Instead, the pain in her chest and in the wild cuts she’d sustained drew her attention away from the numbness spreading down her knee, and the sudden feeling of cold as she collapsed onto her knees in the snow. He completed a second turn, and held his blade in an open stance at her throat. This fight was over.

Over the trill of blood in his ears, he vaguely registered people telling him to stop. To remember his oaths. His lip quivered with unadulterated hatred. The misery she had caused to him. All of her actions designed to do nothing less than make him hurt.

“You dishonor the Horde,” Kex’ti spat. The defeated rogue looked up at him, exhaustion and injury setting in, her mind thinking whatever horrible thoughts Kex’ti fathomed her to think.

“Say your last words to your guild, for no one else will mourn your loss.”

“Peace through annihilation!” the undead yelled. Her gaze remained unflinching.

A pity, thought Kex'ti. He saw Darethy draw his blade, and watched him weave fel-fire to strike at him. As he readied a burst of chi to paralyze the warlock, he saw something else. Over the din, he saw Tesonii. Her mouth was opened as if in a scream, and her eyes showed a horrifying amount of strife. She clanged her blades together in emotion. Her hood was down, and her lank hair bristled in the wind.

He imagined how he must have looked, standing over Syreena. He looked as his tabard, and recalled the oaths he’d sworn. And he looked at the crimson stain on Syreena’s own black and red. His blade was still. One motion, and this monster in front of him would be gone from the world.

But, if he killed her, wouldn’t he be proving her right? That might made right? That attacking weaker peoples was what the world needed? Tesonii would know he’d changed. He knew he had, but to break that delicate illusion for her after her efforts to find him would be far more cruel than any punishment he could devise for Syreena. What would Julilee think, who’d put so much trust in him? Remiaan? Remiaan wouldn’t have hesitated if she were in his position. But the priestess would have tried to redeem her first. He thought that would be futile. But he hadn’t tried it. He'd just be replacing one monster with another he could never hope to kill.

The defiant eyes on him from below. The fel fire beside him. And there, in her plated robes, the quiet woman he’d thought long dead.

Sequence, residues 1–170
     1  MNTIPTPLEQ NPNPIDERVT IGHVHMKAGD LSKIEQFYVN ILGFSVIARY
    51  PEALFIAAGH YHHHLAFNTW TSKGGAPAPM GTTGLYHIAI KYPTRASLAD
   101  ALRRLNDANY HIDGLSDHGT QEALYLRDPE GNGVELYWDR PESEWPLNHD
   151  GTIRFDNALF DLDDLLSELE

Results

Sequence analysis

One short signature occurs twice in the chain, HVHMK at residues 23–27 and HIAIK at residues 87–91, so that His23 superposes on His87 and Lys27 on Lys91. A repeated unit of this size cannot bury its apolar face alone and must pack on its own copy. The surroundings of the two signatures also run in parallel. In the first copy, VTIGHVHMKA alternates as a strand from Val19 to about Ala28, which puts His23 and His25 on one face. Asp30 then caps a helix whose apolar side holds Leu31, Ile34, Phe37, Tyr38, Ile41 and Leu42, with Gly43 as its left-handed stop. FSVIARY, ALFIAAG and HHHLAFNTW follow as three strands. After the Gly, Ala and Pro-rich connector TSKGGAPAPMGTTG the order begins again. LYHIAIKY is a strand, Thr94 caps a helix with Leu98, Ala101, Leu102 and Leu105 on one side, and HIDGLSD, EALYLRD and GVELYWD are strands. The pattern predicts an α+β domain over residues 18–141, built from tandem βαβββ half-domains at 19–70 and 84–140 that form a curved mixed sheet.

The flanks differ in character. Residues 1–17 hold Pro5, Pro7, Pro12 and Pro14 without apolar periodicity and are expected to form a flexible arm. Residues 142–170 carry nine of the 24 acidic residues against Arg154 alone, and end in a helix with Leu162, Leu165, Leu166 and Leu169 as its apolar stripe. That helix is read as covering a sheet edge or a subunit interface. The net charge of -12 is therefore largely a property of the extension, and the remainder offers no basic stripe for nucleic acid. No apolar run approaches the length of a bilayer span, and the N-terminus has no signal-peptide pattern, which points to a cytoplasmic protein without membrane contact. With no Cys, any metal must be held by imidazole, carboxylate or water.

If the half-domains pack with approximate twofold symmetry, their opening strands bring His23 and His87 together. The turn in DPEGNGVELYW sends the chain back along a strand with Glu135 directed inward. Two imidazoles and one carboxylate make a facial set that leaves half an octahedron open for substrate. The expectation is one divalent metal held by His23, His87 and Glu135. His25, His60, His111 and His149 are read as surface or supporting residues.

“No,” Kex’ti said. “You deserve worse.” The monk turned his ragged visage towards Syreena’s superior officer. Her inquisitor. The elf gestured with his free hand to Syreena, locking his gaze on the one-eyed orc.

“Khorvis of the Grim. This rogue has failed twice in her efforts to a kill a healer, and loyal member of the Horde. I want you to remember this.”

Kex’ti didn’t want to send a message about himself to Khorvis. The judgment of the Grim was beneath him. He wanted Khorvis to remember that Syreena had failed her duties twice. He knew well enough that forgiveness was not a trait the Grim espoused. No matter how he hurt her, nothing would compare to the pain her friends would cause her doing the same.

“There’s nothing I can do to you that’s worse than your own ‘family.’ You get to walk away from this, Syreena,” said the monk. He turned his blade and tapped the flat of it against the Forsaken’s face. He smirked, and waited for her to speak.

“I didn’t think you cared—“ she began.

“—But, I’m taking part of you with me.” His blade still turned, Kex’ti raked the edge of his sword down the side of Syreena’s face, tearing an ear and bits of flesh free. Syreena screamed in some combination of pain, surprise, and anger. She clutched at her rent face, and Kex’ti slammed the hilt of his sword into the bleeding wound. The screaming rogue doubled over in pain.

“You freaking jackass!” gasped Lilliana. Kex’ti ignored the troll’s remark and hobbled away from the bleeding woman. He kept his attention on Tesonii, and Breygrah, and Naheal.

“We’re done here,” he spoke emptily, glaring at Khorvis. “Lok’tar, Khorvis.”

Kex'ti spat blood into the snow, and drank heavily from his jug.